Stela’s opening sequence captures the game’s atmosphere perfectly: it’s mysterious and creepy with a hint of foreboding that made me want to explore the rest of the story. Unfortunately, while SkyBox Labs’ latest effort does maintain this atmosphere throughout its playtime, the rest of the game struggles to keep up.
The story follows a young woman’s journey through the remnants of a strange world… I know that because the game’s description told me. The game itself spends precious little time explaining its backstory – who this young woman is, how she got here, and what happened to the place she’s now exploring, is all left extremely vague, almost to the point of asking the player to come up with their own explanation.
Don’t get me wrong, mystery in a video game is fine, but I found that Stela went far beyond mystery and into the realm of pure confusion. The first half of the game is fine, as I was interested in the strange creatures that roamed the land and the mystic-looking runes that showed up in certain areas, but Stela never answered any of the questions that it raised, choosing instead to pile more questions on; simply put, despite the game’s beautiful atmosphere and its short length, I found myself getting exhausted of the mystery and frustrated with the lack of resolution.
SkyBox Labs has consciously kept Stela quite simple outside of its story, with its gameplay comprised of little more than moving left or right, jumping, and interacting with objects in the environment in very rudimental ways. It relies heavily on trial and error, and death is a common occurrence – though checkpoints are frequent enough that that isn’t a major concern. The gameplay is actually quite limited, but it doesn’t serve to actively challenge the player; instead, it’s there more to highlight the game’s sombre atmosphere.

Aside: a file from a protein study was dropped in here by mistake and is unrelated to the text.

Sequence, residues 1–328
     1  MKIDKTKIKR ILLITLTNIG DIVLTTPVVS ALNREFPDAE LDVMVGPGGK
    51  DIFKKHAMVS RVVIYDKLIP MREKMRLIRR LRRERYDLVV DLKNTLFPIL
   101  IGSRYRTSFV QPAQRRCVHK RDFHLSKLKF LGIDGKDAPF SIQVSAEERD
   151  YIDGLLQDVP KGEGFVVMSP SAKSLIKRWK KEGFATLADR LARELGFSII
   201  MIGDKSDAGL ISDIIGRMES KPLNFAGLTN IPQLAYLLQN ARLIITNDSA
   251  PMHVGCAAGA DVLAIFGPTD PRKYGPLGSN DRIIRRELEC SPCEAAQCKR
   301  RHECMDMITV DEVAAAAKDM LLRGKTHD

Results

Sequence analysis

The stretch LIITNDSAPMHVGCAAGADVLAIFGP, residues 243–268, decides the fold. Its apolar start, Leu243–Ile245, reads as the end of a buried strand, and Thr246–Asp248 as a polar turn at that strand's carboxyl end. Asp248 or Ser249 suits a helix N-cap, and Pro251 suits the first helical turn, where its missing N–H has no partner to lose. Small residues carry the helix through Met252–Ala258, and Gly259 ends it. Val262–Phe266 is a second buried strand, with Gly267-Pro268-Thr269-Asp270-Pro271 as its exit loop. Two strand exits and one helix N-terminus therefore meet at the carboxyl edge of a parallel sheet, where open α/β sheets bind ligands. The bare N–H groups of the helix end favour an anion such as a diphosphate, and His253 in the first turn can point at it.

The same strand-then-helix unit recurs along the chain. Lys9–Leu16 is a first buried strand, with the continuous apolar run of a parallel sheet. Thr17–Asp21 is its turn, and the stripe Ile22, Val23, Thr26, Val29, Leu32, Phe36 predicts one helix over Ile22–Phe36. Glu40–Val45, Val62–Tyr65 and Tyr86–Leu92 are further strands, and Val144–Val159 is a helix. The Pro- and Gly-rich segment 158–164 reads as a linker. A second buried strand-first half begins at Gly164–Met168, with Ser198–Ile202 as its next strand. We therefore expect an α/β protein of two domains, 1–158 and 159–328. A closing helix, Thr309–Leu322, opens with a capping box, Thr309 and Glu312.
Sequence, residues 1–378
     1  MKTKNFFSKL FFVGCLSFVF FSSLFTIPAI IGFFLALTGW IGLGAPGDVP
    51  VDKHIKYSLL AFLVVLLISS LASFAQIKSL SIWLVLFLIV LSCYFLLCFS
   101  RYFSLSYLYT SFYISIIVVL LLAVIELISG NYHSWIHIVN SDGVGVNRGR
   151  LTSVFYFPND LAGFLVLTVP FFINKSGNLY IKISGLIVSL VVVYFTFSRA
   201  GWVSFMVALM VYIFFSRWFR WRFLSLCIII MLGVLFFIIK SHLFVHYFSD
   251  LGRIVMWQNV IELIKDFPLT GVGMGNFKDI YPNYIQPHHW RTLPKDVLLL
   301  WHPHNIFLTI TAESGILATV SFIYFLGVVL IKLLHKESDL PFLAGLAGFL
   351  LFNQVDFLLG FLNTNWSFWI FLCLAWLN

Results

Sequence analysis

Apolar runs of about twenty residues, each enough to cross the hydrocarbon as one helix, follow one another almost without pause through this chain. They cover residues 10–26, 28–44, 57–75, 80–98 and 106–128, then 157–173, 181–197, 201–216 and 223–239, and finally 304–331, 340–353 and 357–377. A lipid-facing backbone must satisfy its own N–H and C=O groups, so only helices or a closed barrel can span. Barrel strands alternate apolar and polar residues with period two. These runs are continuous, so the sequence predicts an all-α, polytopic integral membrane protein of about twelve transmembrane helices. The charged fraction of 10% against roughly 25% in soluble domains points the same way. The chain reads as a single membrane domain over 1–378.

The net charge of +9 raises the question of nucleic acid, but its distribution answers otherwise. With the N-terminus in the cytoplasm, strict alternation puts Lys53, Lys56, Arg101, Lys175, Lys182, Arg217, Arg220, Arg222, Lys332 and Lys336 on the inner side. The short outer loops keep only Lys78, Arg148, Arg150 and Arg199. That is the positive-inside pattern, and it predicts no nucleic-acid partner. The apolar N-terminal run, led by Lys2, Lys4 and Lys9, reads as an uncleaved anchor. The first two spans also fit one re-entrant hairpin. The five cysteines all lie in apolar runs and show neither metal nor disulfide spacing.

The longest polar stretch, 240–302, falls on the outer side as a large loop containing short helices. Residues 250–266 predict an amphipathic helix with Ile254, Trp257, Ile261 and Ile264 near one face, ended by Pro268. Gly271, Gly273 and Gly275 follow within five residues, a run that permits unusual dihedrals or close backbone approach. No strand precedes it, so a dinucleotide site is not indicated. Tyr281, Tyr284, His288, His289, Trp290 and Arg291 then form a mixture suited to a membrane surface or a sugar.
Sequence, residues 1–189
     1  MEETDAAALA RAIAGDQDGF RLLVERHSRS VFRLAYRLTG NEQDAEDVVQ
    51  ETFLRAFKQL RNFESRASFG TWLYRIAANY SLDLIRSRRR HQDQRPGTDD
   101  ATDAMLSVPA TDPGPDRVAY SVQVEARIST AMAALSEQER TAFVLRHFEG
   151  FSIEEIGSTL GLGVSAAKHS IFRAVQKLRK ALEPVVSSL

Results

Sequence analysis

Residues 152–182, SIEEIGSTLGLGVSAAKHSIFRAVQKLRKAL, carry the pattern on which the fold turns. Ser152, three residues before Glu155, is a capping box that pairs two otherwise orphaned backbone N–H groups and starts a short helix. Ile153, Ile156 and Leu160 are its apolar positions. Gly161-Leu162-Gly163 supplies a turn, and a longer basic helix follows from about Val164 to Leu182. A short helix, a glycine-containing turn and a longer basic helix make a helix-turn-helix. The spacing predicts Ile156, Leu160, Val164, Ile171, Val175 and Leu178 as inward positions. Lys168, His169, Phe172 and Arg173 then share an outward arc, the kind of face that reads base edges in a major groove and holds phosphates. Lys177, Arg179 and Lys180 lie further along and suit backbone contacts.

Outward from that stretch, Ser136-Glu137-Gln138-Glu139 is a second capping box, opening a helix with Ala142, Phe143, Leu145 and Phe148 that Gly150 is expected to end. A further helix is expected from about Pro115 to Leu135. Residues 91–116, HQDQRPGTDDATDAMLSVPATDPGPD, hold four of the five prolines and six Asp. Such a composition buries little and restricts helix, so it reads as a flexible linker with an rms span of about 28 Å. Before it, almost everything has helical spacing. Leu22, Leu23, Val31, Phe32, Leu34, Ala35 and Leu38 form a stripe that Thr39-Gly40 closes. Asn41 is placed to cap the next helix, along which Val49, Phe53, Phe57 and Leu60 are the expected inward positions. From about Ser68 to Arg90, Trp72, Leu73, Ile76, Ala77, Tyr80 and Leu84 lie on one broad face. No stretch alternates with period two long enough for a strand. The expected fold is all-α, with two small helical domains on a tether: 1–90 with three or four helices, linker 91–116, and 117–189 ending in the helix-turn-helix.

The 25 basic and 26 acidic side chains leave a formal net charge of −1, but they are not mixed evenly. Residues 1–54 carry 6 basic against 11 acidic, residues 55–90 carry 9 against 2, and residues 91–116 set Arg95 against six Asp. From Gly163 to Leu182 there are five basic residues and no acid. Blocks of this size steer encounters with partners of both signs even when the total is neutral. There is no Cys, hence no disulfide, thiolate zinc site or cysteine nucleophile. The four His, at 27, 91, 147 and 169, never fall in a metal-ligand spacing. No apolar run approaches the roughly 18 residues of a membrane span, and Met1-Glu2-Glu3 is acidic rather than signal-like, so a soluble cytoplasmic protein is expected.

That atmosphere is where Stela really shines. Its many environments – ranging from a dead forest to icy mountains – feel distinct enough while also maintaining the same sense of unease and dread present throughout the game. Each area also brings with it a new mechanic, and although these mechanics don’t really alter the gameplay in any massive ways, they do more than enough to keep each area distinct. The forest, for instance, has you hiding from these weird humanoid creatures, while the snowy areas see you trying to figure out how to create enough sound to force the creatures buried in the snow to flee.
One gripe I did have with the gameplay was with the inconsistency of certain aspects. Sometimes, objects that looked like they were purely environmental could actually be interacted with, and objects that looked like they should be interactive were just part of the environment. This isn’t helped by the fact that, occasionally, pressing the button to interact with objects simply wouldn’t do anything. That’s an issue that also extends to jumping, where the jump button would occasionally just not do anything. It’s a minor issue, for sure, but it became extremely frustrating when it started to happen repeatedly.
Overall, Stela is a game that I recommend very cautiously. It’s got a wonderful atmosphere and its story does present some interesting ideas, but it also had so much more potential than it ended up living up to. If you’re looking for an interesting, strange world with a real sense of dread, then Stela’s got you covered; unfortunately, though, it doesn’t provide much more.
Stela has an amazing sense of atmosphere, but it doesn’t do enough with that atmosphere. With its light gameplay and lack of a compelling narrative, Stela feels like a mixture of good ideas that never really reach their full potential.
Zack reviewed Stela using a Switch code provided by SkyBox Labs.
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